Guide to Korean Kkul-tarae

The next time you’re in Seoul, try taking a bite of their kkul-tarae, a sweet snack sold along the streets of Myeongdong and Insadong. Kkul-tarae (꿀타래 translated as “honey skein”), also called Korean court cake, is a South Korean variation of the Dragon’s beard dessert that originated in China.

Many vendors turn such simple ingredients like honey and corn starch into a fantastic dessert with rapid movements. The 16,384 stretched strands of silky honey thread are loaded with nuts, chocolate, and other tasty combinations. This delicate candy melts in your mouth, which can be pretty addictive.

A dessert that’s also entertainment? The fun comes from watching kkul-tarae makers in action, stretching the honey puck into extremely thin threads right in front of you. The vendors are always bubbly and talkative to sightseers. An excellent place to see the dessert making is in Insadong, Seoul.


Back in the day, kkul-tarae is advertised as a dessert eaten by Korean kings. However, this story originates from a misleading assumption when a TV show discussed where the snack originated from, asserting that it was a dessert enjoyed by kings, but they never really stated which king. People assumed it must have been Korean kings, so it was advertised as such from then on. In actuality, kkul-tarae is only about 30 years old, emerging in Insandong in the 1990s. The name itself was trademarked on November 7th of 2000 with the intention of selling a dessert that’s similar to Dragon’s beard candy in Korea.

How to Make Kkul-tarae at Home


Dragon’s Beard

  • 1000g / 2.2lb of sugar
  • 100g / 3.5oz maltose or light corn syrup
  • 1 tsp white vinegar
  • 500ml / 2 cups of water
  • 3-4 cups of corn starch or rice flour to dust


  • 2-3 cups peanuts


  • saucepan (big enough to fit the ingredients)
  • candy thermometer
  • pastry brush
  • silicone doughnut baking molds or round disposable plastic containers


The Syrup

  1. Pour in the sugar, corn syrup, water, and vinegar into the saucepan and clip on a candy thermometer to the side.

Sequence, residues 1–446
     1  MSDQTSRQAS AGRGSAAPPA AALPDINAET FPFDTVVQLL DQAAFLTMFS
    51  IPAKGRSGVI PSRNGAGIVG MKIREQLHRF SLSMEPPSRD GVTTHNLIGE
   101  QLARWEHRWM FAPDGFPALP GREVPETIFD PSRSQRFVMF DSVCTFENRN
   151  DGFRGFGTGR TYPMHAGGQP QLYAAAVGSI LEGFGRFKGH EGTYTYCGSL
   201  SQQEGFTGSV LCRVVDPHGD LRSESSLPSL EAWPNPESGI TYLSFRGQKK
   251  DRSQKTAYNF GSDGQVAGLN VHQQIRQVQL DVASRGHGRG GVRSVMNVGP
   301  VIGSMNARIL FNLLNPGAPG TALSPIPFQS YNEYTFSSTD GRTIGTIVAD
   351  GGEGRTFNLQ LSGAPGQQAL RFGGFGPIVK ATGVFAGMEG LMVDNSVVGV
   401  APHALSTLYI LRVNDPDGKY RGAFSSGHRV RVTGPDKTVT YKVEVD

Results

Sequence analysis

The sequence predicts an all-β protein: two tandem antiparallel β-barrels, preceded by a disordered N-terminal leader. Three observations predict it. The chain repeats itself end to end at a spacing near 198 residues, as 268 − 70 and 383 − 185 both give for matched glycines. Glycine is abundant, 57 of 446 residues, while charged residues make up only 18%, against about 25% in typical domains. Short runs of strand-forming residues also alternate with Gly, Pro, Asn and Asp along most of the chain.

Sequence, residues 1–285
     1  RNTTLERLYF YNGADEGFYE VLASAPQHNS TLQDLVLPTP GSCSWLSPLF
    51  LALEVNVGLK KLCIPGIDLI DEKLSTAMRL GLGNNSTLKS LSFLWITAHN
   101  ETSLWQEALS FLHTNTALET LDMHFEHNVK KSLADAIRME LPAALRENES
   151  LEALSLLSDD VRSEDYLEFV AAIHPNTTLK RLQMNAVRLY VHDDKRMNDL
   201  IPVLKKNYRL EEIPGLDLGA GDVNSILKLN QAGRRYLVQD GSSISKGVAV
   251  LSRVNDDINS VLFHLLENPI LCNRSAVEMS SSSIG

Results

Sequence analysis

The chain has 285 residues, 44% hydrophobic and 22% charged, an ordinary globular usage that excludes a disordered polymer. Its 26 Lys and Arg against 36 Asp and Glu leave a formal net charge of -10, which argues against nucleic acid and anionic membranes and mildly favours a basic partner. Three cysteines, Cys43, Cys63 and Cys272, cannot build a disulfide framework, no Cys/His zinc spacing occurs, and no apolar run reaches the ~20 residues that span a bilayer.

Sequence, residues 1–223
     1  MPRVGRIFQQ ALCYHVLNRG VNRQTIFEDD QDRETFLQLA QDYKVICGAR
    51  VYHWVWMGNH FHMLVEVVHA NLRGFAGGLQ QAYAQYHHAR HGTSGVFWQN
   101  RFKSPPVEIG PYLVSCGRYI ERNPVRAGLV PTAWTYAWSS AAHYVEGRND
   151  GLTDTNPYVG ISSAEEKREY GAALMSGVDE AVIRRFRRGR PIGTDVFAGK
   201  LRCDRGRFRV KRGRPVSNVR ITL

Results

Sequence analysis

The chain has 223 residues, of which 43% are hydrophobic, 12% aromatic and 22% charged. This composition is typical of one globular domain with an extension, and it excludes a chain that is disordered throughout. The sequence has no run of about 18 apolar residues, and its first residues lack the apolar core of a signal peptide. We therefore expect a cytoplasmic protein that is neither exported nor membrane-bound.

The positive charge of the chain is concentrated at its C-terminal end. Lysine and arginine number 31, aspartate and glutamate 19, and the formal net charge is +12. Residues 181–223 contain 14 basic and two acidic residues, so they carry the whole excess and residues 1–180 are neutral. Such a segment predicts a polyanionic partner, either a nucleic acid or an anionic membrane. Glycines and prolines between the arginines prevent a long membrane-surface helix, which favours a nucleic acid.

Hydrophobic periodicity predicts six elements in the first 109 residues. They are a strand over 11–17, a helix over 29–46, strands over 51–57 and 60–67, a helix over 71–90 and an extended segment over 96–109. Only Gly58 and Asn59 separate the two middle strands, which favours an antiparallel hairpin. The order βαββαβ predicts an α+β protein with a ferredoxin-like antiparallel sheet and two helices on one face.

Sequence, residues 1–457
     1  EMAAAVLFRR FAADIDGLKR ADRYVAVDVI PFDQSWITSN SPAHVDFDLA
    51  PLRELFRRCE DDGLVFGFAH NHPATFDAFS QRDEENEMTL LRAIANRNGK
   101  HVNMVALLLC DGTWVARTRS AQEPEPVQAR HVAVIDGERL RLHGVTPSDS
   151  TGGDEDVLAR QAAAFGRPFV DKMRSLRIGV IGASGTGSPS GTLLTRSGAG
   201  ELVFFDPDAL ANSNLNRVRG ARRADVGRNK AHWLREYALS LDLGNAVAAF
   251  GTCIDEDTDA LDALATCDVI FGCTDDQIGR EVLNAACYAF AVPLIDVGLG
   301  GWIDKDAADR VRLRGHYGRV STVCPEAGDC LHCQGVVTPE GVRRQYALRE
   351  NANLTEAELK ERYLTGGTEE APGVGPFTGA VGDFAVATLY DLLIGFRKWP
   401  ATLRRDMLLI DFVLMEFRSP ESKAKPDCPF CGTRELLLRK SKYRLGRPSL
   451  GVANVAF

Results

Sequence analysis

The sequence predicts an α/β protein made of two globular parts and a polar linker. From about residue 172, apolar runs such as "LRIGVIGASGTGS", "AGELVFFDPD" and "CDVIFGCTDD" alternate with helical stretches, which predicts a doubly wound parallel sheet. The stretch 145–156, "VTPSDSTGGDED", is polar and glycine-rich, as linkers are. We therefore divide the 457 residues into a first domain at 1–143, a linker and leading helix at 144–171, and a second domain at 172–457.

2. Turn on the stove to medium-high heat (133°C / 271°F) and keep the cooking time within 20-25 minutes. *Don’t stir the syrup to avoid the formation of sugar crystals.
  3. Turn off the heat when the temperature hits 132°C or 269°F, it’ll hit the required temperature on its own.

The “Puck”

  1. Take the syrup off the heat and let it cool down to 100°C or 212°F if you’re using plastic molding, but if you’re using silicone baking molds, then you can immediately pour the syrup.
  2. Allow the mixture to cool down completely. Don’t put it inside the fridge, as it might disrupt crystal formation.

For the Pulling

  1. Place the cornstarch or rice flour in a dry pan.
  2. Roast for 10 minutes on low-medium heat.
  3. Set aside to cool.

The Filling

  1. Dry roast the peanuts until cooked.
  2. After roasting, chop finely with a food processor, blender, or knife. You’ll want to not turn it into dust or powder-like.
  3. Set aside.

Making Dragon’s Beard

  1. You will have to punch a hole into your puck if it doesn’t have one. The goal is to get a ring.
  2. Dip the ring into the cornstarch. Be sure to get an even coat. Dipping and coating the candy with cornstarch keeps the strands separate and prevents them from sticking.
  3. Keep working it with your hands until it starts to bend to your will. 
  4. Slowly pull the ring while ensuring it has an even thickness all around the band. Dip it back into the cornstarch to coat. Work it until you have around four times the size of the original ring.
  5. Create a figure 8 and fold so that you now have two strands or rings. Make sure to dip it again into the cornstarch.
  6. Work the strands until you achieve a size where you can create another figure 8 and fold again to get four strands. Dip again into cornstarch.
  7. Continue working the strands and repeating the folding instructions above. You’ll have to do this another eight times, making it a total of 11.
  8. After creating 11 folds, you’ll have around 2048 strands. You may stop at this point, but if you like finer strands, you can do three more folds to achieve a strand count of 16,384.

Putting the Filling

  1. Lay the Dragon’s beard on a flat surface that’s dusted with cornstarch. This helps keep each strand separated and frees your hands for the next step.
  2. Tear off about four inches of the beard’s section so you can put the filling in. You’ll have to tear it off and not cut, as cutting might cause it to merge, which you don’t want happening.
  3. Using a spoon, place some chopped peanuts in the middle of the four-inch section, fold the beard in half then roll it up.